MGT Assignment Guidelines
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Oral Case Reports
team will present its recommendations for the assigned case to the class.
If the team plays the role of an outside consulting firm, the
class/audience might play the role, for example, of the firm’s
principal shareholders and industry analysts. Thus, the oral
presentation should be conducted in the most professional manner possible:
clarity, brevity, impact, energy, passion, and persuasiveness all are very
important. Total presentation time for
reports may be presented in any style you wish, however most reports are
likely to cover the following:
issues and outlook, external analysis, internal analysis, and
strategic recommendation (mission, goals, and detailed action plan). Since
the oral report limited in duration, presenters should identify only the
most important "pre-recommendation" issues (» 4-5 minutes).
Presenters should therefore emphasize the action plan (» 8-10 minutes).
Presenters are required to prepare overheads using Microsoft PowerPoint.
For better visibility, use at least 24-32 point font for
most text, chart labels, etc.
prepare a one-page executive
summary of your presentation bring enough copies to distribute to
everyone in the class (about 50 copies).
"handouts" (perhaps printed in 4 slides per page format) to the
each presentation, the class will fulfill their concerned
shareholder/analyst roles by asking salient, challenging, and probing
questions (» 5-10 minutes) of the presentation team. To encourage
participation, I may randomly select one or two teams to serve as Q&A
discussion leaders. (NOTE: This format requires that presentation
be well-rehearsed and ALL "shareholders" be fully prepared.)
- A copy of the Oral Report Evaluation Form
may be found here.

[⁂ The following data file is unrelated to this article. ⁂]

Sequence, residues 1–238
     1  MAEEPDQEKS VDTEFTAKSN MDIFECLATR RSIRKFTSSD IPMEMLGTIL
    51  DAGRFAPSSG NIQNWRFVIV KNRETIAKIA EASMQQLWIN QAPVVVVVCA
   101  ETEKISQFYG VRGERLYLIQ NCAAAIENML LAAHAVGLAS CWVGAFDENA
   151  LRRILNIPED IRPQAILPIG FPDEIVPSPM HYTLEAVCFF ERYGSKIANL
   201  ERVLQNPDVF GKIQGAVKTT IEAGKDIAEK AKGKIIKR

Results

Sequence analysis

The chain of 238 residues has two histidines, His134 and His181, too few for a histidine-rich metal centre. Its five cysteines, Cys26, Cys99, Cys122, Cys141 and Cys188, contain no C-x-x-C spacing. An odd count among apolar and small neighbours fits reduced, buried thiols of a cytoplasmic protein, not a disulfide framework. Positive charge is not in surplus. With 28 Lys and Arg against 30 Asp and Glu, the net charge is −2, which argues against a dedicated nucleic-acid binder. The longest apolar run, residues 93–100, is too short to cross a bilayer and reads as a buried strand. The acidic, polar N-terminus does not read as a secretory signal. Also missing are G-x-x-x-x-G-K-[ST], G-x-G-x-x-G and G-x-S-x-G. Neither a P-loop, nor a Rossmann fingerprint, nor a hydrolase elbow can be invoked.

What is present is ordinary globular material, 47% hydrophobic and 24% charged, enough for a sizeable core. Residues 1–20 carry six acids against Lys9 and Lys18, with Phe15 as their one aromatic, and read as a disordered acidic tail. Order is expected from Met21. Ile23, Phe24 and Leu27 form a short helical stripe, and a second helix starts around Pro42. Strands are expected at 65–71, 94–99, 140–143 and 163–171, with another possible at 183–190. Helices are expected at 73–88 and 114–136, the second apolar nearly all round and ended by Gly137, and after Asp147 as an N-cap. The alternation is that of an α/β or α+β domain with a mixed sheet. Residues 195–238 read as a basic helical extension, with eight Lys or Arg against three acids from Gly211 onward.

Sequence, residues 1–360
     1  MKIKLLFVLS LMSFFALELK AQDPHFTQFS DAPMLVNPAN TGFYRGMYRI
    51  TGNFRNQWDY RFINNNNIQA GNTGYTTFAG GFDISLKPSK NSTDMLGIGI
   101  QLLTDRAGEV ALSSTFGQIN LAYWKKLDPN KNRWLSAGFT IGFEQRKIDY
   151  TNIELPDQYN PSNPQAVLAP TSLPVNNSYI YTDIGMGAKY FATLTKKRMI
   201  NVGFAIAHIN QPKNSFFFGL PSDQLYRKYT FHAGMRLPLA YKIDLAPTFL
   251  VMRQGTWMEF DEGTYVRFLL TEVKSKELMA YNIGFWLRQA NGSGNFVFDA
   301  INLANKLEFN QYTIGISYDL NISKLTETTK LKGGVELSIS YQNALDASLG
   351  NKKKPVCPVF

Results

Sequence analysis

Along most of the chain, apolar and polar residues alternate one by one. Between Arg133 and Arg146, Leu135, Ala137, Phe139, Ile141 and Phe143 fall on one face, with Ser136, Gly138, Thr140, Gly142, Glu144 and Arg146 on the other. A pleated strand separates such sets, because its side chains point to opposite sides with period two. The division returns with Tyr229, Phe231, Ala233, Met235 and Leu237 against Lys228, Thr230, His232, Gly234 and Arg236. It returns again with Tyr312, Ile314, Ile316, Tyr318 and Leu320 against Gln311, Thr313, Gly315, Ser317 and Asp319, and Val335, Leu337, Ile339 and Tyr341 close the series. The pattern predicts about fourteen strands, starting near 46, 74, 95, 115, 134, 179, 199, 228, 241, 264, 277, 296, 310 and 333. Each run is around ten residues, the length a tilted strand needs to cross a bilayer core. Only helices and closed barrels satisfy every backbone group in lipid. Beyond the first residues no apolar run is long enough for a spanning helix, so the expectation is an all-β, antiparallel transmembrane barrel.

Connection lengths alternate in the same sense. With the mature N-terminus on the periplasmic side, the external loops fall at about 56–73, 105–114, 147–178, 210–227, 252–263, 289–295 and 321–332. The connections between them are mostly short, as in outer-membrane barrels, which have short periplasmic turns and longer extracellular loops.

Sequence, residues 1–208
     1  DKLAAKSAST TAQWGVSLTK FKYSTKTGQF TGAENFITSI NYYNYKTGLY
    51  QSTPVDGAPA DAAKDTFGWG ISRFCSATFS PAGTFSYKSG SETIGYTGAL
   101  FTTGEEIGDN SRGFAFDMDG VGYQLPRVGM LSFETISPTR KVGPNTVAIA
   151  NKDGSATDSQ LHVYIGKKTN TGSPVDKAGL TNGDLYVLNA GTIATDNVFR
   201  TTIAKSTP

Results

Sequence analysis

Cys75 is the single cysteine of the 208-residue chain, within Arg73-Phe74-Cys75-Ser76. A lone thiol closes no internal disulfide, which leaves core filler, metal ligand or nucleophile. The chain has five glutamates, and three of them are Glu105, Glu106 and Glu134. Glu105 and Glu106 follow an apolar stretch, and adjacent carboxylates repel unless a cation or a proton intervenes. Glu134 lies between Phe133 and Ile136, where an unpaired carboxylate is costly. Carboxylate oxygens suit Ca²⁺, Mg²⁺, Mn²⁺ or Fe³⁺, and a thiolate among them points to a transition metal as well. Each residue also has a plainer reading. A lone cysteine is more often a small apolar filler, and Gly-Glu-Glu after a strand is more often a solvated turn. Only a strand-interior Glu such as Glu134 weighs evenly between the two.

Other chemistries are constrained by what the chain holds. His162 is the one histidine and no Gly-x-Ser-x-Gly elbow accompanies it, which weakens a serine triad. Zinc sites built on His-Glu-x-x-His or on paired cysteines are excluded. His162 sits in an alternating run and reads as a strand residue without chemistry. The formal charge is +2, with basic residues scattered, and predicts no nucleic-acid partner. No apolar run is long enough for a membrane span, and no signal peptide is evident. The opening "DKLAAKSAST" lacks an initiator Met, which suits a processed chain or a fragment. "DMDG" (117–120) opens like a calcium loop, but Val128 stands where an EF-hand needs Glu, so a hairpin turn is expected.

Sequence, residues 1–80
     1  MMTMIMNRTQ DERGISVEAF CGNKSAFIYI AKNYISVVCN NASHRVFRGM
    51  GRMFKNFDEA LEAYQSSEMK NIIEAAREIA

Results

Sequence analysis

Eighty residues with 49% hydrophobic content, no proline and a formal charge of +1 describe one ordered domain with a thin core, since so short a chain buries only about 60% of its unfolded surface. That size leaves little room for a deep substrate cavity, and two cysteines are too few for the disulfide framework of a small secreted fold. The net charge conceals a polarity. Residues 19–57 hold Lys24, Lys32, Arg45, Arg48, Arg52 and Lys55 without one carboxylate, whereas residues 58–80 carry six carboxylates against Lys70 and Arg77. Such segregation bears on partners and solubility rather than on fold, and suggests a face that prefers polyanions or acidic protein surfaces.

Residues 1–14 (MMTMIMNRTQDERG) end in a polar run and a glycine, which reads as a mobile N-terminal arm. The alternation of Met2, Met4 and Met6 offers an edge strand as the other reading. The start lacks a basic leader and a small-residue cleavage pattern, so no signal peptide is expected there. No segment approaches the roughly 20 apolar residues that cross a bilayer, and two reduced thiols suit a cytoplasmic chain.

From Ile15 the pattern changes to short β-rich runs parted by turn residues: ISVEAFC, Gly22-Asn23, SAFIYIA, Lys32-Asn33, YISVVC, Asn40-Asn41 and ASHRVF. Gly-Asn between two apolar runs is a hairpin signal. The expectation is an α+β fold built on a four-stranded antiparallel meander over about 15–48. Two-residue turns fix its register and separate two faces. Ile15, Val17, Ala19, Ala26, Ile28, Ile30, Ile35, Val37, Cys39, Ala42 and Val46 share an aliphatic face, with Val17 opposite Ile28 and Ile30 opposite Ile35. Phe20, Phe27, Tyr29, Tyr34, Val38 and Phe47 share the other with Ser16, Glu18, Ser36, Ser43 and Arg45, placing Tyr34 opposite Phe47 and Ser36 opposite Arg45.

Report Content and Structure
* Refer to the Fuji-Xerox written report (above) to
provide some content and structure ideas and guidelines.
In terms of organization
and content, you are welcome to present oral reports using any
format/style you see fit. However, each case report will often
include the following components in some form or fashion:
- Issues and Outlook Profile:
This section should broadly address only the most important issues
confronting the firm? What is the significance of each? What has been the
firm’s level of/interest in international activities up until the
"end" of the case? Has the firm been successful? Why? Could the
firm be successful? Very broadly, where is the firm headed? Consider a 3-5
year time frame both before the "end" of the case and into the
future. (No histories, please. Be mindful of who your "audience"
is. The "executives" of the firm are in the audience and are
already knowledgeable about the firm.)
- Analysis of the Global Competitive Context: Which environmental forces are most likely
to influence the firm’s actions and future performance:
international competitive, economic, political, cultural, technological,
or legal forces or actors? Who are the firm’s present/future
customers? ...competitors? Use these questions to develop list of
opportunities and threats and briefly discuss why each are important.
- Analysis of the Firm’s Capabilities: What are the firm’s sources of competitive
advantage? Has the firm approached strategic management in a way that
leverages its competitive advantage and/or potential for success? Does the